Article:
Yesterday Revision3 went offline and Veronica Belmont, former CNET producer and current Tekzilla program host reported “Holy DDOS attacks, Batman! Rev3 is under fire!”Â on Twitter.Â After investigating the reason behind the outage, Jim Louderback (CEO of Revision3) stated that Revision3’s servers were hit with a Denial of Service attack. See the picture below of the Revision3 server.
A denial of service attack is when a server sends tons of requests and packets at one time to another server thus causing the receiving server to give up.
Revision3 uses torrent files to distribute their content.Â Torrents allows multiple users to share bandwidth for download or streaming content.Â And in this case, the one server that was hit with the DoS attack was Revision3’s BitTorrent server.Â The DoS attack assailant was intentionally aiming to take down Revision3’s BitTorrent server.
When tracing the IP address of the assailant that attacked Revision3 servers, Louderback found out that it belonged to MediaDefender.Â MediaDefender’s service is to:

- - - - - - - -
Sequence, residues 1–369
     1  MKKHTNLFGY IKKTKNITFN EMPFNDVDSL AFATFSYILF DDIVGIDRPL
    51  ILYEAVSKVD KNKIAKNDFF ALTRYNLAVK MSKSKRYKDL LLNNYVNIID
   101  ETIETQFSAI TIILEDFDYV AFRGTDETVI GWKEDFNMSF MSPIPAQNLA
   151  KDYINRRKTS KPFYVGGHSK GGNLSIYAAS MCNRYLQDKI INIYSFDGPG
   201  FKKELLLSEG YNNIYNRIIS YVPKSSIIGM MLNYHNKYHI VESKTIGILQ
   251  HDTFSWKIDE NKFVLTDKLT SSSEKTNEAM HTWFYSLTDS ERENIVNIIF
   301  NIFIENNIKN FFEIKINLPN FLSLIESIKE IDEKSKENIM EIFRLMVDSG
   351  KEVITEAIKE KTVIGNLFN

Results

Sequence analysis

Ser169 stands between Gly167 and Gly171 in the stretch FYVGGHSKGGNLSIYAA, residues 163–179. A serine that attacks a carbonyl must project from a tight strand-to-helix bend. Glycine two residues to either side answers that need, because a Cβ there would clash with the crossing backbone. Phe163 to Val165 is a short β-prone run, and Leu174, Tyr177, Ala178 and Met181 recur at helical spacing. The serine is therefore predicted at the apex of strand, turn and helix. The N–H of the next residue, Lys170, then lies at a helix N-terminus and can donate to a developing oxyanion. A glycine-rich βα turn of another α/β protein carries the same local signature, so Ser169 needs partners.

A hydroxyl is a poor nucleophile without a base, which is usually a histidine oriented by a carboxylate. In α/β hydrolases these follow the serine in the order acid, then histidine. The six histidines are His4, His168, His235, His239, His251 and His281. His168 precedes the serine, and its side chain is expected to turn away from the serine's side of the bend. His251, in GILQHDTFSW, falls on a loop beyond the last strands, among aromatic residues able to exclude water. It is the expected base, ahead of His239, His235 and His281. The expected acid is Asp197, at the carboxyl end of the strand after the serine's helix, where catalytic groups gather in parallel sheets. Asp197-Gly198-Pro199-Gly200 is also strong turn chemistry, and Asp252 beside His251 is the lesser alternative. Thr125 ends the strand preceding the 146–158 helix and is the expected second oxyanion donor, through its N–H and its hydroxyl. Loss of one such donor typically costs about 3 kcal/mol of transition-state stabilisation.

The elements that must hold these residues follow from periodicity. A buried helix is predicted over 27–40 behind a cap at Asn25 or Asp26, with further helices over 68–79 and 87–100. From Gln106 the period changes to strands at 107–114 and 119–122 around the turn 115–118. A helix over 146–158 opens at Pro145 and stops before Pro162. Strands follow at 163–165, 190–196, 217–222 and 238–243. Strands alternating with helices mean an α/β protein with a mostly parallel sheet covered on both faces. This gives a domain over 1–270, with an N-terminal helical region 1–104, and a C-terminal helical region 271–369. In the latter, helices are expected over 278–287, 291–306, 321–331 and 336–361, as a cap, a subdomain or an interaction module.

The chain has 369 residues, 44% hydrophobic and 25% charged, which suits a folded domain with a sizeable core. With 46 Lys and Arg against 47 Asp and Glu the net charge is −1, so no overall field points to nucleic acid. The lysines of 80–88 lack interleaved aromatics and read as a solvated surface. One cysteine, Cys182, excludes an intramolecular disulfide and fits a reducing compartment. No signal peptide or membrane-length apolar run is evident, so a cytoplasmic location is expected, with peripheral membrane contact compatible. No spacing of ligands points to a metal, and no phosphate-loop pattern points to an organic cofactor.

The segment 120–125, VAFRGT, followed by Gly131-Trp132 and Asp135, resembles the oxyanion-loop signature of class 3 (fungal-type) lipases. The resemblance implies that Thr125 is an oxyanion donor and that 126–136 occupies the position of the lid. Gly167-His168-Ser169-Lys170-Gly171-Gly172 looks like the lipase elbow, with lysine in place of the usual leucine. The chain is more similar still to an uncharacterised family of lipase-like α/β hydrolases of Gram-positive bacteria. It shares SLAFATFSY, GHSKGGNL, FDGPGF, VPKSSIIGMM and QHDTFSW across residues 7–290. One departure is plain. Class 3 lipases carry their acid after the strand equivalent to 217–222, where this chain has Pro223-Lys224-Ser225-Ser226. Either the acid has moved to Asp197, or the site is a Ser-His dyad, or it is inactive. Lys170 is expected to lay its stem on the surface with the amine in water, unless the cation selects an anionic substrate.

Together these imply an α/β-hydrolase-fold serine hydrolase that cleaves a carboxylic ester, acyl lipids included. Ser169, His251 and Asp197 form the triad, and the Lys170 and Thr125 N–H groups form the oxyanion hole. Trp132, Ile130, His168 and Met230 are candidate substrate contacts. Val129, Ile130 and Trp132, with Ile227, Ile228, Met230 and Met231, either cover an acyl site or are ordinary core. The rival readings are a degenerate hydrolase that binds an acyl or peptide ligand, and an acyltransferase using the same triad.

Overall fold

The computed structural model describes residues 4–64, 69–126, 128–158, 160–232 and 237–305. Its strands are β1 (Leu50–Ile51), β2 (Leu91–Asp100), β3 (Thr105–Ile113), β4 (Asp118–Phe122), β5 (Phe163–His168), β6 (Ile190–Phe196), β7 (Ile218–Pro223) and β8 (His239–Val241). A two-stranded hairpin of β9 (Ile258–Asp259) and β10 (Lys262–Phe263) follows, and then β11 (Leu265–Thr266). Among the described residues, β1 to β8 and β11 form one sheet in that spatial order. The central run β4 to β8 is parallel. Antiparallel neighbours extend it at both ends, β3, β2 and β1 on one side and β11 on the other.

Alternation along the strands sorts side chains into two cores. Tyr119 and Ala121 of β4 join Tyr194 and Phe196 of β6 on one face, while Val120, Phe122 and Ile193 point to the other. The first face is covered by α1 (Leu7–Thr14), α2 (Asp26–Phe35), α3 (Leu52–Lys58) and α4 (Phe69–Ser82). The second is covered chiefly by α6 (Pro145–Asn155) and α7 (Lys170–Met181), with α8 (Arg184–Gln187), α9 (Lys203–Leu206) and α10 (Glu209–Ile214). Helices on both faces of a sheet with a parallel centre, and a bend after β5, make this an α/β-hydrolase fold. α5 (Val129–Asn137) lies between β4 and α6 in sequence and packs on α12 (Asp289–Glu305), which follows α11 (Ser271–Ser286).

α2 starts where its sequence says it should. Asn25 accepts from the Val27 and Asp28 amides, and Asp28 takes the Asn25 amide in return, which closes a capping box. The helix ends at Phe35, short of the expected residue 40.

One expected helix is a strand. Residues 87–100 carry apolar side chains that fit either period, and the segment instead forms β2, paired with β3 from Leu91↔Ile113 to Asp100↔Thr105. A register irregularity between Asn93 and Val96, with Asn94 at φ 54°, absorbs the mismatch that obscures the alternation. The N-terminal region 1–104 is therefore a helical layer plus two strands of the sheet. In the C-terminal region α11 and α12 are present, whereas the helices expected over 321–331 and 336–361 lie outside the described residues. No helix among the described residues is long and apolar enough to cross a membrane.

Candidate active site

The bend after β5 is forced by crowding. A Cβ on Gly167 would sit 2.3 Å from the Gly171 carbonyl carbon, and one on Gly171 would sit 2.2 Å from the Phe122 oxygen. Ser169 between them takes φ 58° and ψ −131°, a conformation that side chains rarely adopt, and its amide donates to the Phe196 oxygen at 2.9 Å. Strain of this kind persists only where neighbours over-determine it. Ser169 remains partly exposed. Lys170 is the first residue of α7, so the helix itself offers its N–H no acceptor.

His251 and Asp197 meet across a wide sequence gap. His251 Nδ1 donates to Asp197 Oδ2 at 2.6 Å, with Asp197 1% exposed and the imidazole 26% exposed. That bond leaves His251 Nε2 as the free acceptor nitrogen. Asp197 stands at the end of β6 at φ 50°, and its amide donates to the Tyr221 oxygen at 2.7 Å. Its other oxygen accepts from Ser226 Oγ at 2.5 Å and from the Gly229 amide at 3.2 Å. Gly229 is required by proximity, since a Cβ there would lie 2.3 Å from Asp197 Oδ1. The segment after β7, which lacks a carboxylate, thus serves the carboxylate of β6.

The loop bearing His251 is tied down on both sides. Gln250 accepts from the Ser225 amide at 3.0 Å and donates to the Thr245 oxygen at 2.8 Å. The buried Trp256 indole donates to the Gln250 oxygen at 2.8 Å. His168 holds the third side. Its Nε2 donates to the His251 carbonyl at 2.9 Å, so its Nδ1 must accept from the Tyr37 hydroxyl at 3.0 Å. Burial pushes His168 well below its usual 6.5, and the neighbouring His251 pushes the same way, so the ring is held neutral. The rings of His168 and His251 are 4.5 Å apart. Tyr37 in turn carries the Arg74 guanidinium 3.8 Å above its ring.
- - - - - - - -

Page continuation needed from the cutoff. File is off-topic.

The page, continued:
“Stop the spread of illegally traded copyrighted material over the internet and peer-to-peer networks.”
However Revision3 trades legal content.Â Revision3 may have been wrongfully accused of setting up BitTorrent servers for illegal purposes.Â Sony, Universal, the RIAA, and the MPAA have used MediaDefender in the past to prevent illegal files from being traded.
“[Ben] Grodsky [VP of operations at MediaDefender] admits that his computers sent those SYN packets to Revision3, but claims that their servers were each only trying to contact us every three hours. Our own logs show upwards of 8,000 packets a second,” stated Louderback.
Revision3 streams popular web video programs such as The GigaOM Show and Digg Nation.
Information Source & Picture Credit:
 Revision3 Blog: Inside the Attack that Crippled Revision3 by Jim Louderback